• Moreover, some gifts of entity units or interests will not even qualify for the federal gift tax annual exclusion. In order to qualify for the federal gift tax annual exclusion ($15,000 a year per donee), the interest that is the subject of the gift must be a present interest. A present interest is formally described as ‘an unrestricted right to the immediate use, possession, or enjoyment of property or the income from the property.’ [Treas. Reg. 25. 2503-3(b).] Consider the restrictions that are often included in an LLC operating agreement or a family limited partnership agreement, which exist either to justify a valuation discount of the interest that is the subject of the gift, or simply to keep the gifted interest within the family. This was the case in Hackl, 118 Tax Court 279 (2002), aff’d 335 F.3d 664 (7rd Cir 2003) where the family LLC held only non-income producing farm land, subject to restrictions that prevented the transfer of the LLC units outside the family, where the gift of the LLC units were denied present interest treatment.
  • If the subject of a gift is a closely held interest like an LLC or family limited partnership interest, one way to assure present interest treatment of the gift is to give to the donee at the same time as the gift a put right to the donor, which enables the donee to sell the gifted interest back to the donor in exchange for cash, e.g. a right to compel the donor to redeem/repurchase the gifted interest for 60 days after the transfer, much like the limited  30 day window period associated with a crummey withdrawal right which is intended to deliberately cause the transferred interest to be treated as a present interest.

Adequate Disclosure of Gifts: If a gift is adequately disclosed on a Form 709 federal gift tax return, the IRS will generally have 3 years in which to audit the gift tax return. [IRC 6501(a).]

  • But if the gift is not adequately disclosed on the Form 709 return, the statute of limitations never runs, and the value of the gift can be challenged by the IRS at any time. [IRC 6501(c).] If the adequate disclosure rule is satisfied, then the gift may not be revalued by the IRS for federal estate tax purposes, once the statute of limitations has run. [IRC 6501(c)(9); Treas. Reg. 301.6501(c)-1(f)(8).]
  • The adequate disclosure rules are extremely comprehensive, including what must be included in a qualified appraisal prepared by a qualified appraiser.
  • Suffice it to say that the ‘what the IRS doesn’t know won’t hurt the IRS’ is not a good practice to follow, especially if a hard-to-value asset is the subject of the gift.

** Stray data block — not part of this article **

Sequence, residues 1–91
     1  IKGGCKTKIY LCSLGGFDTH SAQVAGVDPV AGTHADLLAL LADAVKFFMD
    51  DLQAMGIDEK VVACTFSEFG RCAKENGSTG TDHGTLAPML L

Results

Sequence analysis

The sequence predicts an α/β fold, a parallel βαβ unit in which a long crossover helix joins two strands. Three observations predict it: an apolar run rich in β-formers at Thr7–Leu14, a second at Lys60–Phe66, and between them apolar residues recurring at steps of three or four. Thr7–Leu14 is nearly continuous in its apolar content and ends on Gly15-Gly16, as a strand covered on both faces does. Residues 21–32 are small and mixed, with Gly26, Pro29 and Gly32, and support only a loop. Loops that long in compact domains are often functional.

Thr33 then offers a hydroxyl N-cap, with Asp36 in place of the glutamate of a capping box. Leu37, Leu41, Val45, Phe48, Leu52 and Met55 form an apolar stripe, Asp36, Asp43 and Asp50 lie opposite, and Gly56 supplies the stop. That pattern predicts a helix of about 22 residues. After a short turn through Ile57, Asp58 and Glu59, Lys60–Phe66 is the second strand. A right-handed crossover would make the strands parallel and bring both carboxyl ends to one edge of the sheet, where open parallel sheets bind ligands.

• This adequate disclosure obligation extends to sales where the price paid by the purchaser (donee) might be subject to debate, with some risk that a disguised gift is part of the sales transaction. Thus, if a sales transaction is reported on Form 709 as a gift with $0.00 value, that will allow the 3 year statute of limitations to begin to run since the potential gift was formally disclosed to the IRS.
  • If  a $0.00 gift is reported on the Form 709 return, it is wise to also provide an explanation why the donor believes the transfer is not actually a gift. [Treas. Reg. 301.6501(c)-1(3) and (f).]

Charitable Gifts: As a generalization, charitable and marital gifts that meet some requirements will not have to be reported on a gift tax return.

  • The transfer of an entire interest (not a partial interest) to a charitable organization will qualify as a charitable gift that does not require a federal gift tax return to be filed. [IRC 2522; IRC 6019(3).]
  • But if a donor has to otherwise file a gift tax return, the donor must report all charitable gifts on the Form 709 to comply with the Form 709 Instructions.
  • If a later-discovered taxable gift was revealed, causing the donor to have to file a Form 709 gift tax return with regard to the newly revealed gift, that gift tax return will then have to report the earlier charitable gifts, even when standing alone the charitable gift did not require a gift tax return to be filed.

These are just some of the surprises that donor’s encounter when filing a federal Form 709 gift tax return. If there is one big ‘take-away’ on this topic, it is always, always, read the Instructions to Form 709 first before filing that tax return.